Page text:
dissect

[dih-sekt, dahy-]
verb (used with object)
  1. to cut apart (an animal body, plant, etc.) to examine the structure, relation of parts, or the like.
  2. to examine minutely part by part; analyze: to dissect an idea.

Origin of dissect

1600–10; < Latin dissectus (past participle of dissecāre to cut up), equivalent to dis- dis-1 + sec- cut + -tus past participle suffix
Related formsdis·sec·ti·ble, adjectivedis·sec·tor, nounre·dis·sect, verb (used with object)self-dis·sect·ing, adjective
Can be confusedbisect dissect

Synonyms for dissect

1, 2. anatomize.
Dictionary.com Unabridged Based on the Random House Unabridged Dictionary, © Random House, Inc. 2018

Examples from the Web for dissector

Contemporary Examples of dissector

Historical Examples of dissector

  • Now to the dead man came the dissector, dressed as the god Typhon.

    The Pharaoh and the Priest

    Alexander Glovatski

  • His book became the manual of dissection that was in practically every dissector's hands for several centuries after.

    The Popes and Science

    James J. Walsh

  • “I am purifying my brother Osiris of earthly things, so that he may become more beautiful,” replied the dissector.

    The Pharaoh and the Priest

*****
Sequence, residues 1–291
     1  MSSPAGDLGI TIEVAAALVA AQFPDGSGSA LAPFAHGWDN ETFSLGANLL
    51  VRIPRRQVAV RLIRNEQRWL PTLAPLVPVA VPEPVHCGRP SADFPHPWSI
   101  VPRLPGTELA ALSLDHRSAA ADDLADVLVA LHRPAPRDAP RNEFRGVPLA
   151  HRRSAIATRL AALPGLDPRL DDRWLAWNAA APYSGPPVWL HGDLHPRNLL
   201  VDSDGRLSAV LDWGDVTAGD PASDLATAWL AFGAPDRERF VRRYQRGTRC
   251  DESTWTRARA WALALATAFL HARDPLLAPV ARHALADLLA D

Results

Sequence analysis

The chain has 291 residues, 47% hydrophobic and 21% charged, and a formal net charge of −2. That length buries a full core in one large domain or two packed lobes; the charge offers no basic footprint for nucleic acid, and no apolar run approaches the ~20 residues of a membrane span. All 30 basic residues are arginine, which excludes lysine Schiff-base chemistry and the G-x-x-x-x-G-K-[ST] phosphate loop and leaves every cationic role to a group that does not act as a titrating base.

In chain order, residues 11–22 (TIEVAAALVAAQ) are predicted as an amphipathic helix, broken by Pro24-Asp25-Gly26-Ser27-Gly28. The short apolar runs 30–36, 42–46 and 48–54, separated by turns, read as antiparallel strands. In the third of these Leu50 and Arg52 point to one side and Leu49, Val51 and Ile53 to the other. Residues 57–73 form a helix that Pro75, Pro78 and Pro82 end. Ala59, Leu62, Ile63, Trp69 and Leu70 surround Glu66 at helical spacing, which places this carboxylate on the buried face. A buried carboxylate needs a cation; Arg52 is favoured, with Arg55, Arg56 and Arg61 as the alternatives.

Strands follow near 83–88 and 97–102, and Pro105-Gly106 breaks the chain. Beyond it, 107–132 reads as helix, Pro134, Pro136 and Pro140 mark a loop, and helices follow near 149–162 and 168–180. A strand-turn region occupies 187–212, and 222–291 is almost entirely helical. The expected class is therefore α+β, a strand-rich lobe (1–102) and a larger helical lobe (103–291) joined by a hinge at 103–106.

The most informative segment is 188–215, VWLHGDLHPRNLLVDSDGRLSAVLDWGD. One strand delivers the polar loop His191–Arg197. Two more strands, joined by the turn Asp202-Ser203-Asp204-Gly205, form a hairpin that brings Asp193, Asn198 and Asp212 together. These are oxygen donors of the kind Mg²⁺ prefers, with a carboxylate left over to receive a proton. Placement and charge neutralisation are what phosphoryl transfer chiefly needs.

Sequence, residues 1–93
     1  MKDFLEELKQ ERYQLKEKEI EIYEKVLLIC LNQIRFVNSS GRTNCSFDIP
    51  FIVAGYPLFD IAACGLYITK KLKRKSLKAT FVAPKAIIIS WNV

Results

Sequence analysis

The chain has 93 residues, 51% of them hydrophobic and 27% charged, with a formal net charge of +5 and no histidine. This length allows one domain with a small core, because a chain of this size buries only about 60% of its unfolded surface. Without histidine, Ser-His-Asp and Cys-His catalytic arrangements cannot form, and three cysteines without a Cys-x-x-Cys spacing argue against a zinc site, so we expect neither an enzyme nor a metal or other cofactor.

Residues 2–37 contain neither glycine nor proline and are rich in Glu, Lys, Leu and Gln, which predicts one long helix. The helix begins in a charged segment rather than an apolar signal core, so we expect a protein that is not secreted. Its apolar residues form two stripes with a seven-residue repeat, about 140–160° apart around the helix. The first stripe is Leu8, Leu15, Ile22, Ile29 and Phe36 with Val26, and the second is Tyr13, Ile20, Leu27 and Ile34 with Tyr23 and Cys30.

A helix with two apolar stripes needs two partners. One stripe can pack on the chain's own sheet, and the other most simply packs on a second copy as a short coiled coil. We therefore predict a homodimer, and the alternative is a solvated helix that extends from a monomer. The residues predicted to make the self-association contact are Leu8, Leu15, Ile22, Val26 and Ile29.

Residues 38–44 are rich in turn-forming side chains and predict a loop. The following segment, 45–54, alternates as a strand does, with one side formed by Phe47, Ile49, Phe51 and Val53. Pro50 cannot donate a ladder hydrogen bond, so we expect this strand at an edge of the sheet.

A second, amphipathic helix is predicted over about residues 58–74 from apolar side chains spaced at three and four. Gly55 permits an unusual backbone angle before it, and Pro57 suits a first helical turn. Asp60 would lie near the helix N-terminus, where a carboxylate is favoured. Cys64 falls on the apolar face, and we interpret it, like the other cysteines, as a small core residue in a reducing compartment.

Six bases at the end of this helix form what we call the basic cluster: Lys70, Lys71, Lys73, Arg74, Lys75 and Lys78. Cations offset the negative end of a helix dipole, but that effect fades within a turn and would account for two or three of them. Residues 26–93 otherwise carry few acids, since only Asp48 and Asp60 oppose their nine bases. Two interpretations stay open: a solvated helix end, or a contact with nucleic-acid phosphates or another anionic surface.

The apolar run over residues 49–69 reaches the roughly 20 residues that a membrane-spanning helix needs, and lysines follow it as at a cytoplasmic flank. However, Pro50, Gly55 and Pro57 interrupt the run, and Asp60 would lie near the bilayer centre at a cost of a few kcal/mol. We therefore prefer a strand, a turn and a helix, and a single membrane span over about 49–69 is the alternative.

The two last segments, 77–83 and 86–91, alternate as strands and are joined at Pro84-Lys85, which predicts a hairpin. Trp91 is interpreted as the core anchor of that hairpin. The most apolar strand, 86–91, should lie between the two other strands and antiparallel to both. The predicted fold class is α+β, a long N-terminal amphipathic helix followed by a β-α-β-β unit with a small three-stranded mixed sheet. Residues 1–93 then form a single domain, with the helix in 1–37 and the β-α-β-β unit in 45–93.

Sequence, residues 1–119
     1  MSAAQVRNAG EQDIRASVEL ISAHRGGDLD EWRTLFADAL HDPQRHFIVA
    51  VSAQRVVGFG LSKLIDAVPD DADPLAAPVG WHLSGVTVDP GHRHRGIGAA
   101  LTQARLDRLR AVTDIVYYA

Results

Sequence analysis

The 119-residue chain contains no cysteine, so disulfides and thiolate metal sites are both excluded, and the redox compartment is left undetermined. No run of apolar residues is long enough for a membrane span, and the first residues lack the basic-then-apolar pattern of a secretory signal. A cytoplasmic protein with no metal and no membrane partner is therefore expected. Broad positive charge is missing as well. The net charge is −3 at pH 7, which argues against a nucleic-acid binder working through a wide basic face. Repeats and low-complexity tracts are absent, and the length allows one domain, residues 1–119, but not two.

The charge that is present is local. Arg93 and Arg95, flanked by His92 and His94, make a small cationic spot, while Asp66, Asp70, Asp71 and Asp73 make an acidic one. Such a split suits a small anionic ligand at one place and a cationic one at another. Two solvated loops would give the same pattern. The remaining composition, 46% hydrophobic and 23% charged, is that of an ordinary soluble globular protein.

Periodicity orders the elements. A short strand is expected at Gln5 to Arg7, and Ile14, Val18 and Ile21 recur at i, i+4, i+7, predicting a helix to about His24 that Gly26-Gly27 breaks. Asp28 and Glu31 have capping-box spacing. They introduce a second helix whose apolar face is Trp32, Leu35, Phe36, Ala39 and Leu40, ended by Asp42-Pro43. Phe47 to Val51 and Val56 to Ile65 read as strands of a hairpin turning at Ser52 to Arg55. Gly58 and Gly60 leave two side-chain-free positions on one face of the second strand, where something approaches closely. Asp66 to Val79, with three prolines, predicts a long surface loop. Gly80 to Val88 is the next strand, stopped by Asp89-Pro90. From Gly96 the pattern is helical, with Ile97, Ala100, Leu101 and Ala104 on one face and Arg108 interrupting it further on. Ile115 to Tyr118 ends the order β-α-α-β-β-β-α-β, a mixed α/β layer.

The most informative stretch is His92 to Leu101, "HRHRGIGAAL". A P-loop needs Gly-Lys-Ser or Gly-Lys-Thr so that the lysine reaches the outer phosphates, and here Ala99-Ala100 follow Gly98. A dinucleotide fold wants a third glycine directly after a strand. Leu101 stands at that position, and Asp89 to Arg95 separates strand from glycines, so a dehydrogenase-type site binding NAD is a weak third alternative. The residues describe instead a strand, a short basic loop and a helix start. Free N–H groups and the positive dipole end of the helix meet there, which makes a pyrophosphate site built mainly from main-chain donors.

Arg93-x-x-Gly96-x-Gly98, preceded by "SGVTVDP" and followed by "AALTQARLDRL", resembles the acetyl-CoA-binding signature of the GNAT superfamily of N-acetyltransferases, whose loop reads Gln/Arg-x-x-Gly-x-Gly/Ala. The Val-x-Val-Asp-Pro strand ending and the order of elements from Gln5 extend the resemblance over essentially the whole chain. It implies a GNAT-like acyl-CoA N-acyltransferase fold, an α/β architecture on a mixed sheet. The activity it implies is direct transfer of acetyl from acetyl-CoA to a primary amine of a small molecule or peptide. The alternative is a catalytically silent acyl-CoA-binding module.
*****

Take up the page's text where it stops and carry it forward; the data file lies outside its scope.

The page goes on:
Alexander Glovatski

  • Some day the dissector of birds may find a real difference in the physiological structure of the eastern and western meadow-larks.

    Birds of the Rockies

    Leander Sylvester Keyser

  • The very labor that made me a success in literature caused me to be a dissector of things around me.

    Ben Blair

    Will Lillibridge


British Dictionary definitions for dissector

dissect

verb
  1. to cut open and examine the structure of (a dead animal or plant)
  2. (tr) to examine critically and minutely
Derived Formsdissectible, adjectivedissection, noundissector, noun

Word Origin for dissect

C17: from Latin dissecāre, from dis- 1 + secāre to cut
Collins English Dictionary - Complete & Unabridged 2012 Digital Edition © William Collins Sons & Co. Ltd. 1979, 1986 © HarperCollins Publishers 1998, 2000, 2003, 2005, 2006, 2007, 2009, 2012

Word Origin and History for dissector

dissect

v.

c.1600, from Latin dissectus, past participle of dissecare "to cut to pieces" (see dissection). Or perhaps a back-formation from dissection. Related: Dissected; dissecting.

Online Etymology Dictionary, © 2010 Douglas Harper

dissector in Medicine

dissect

[dĭ-sĕkt, dī-, dīsĕkt′]
v.
  1. To cut apart or separate tissue, especially for anatomical study.
  2. In surgery, to separate different anatomical structures along natural lines by dividing the connective tissue framework.
The American Heritage® Stedman's Medical Dictionary Copyright © 2002, 2001, 1995 by Houghton Mifflin Company. Published by Houghton Mifflin Company.

dissector in Science

dissect

[dĭ-sĕkt, dīsĕkt′]
  1. To cut apart or separate body tissues or organs, especially for anatomical study.
  2. In surgery, to separate different anatomical structures along natural lines by dividing the connective tissue framework.
The American Heritage® Science Dictionary Copyright © 2011. Published by Houghton Mifflin Harcourt Publishing Company. All rights reserved.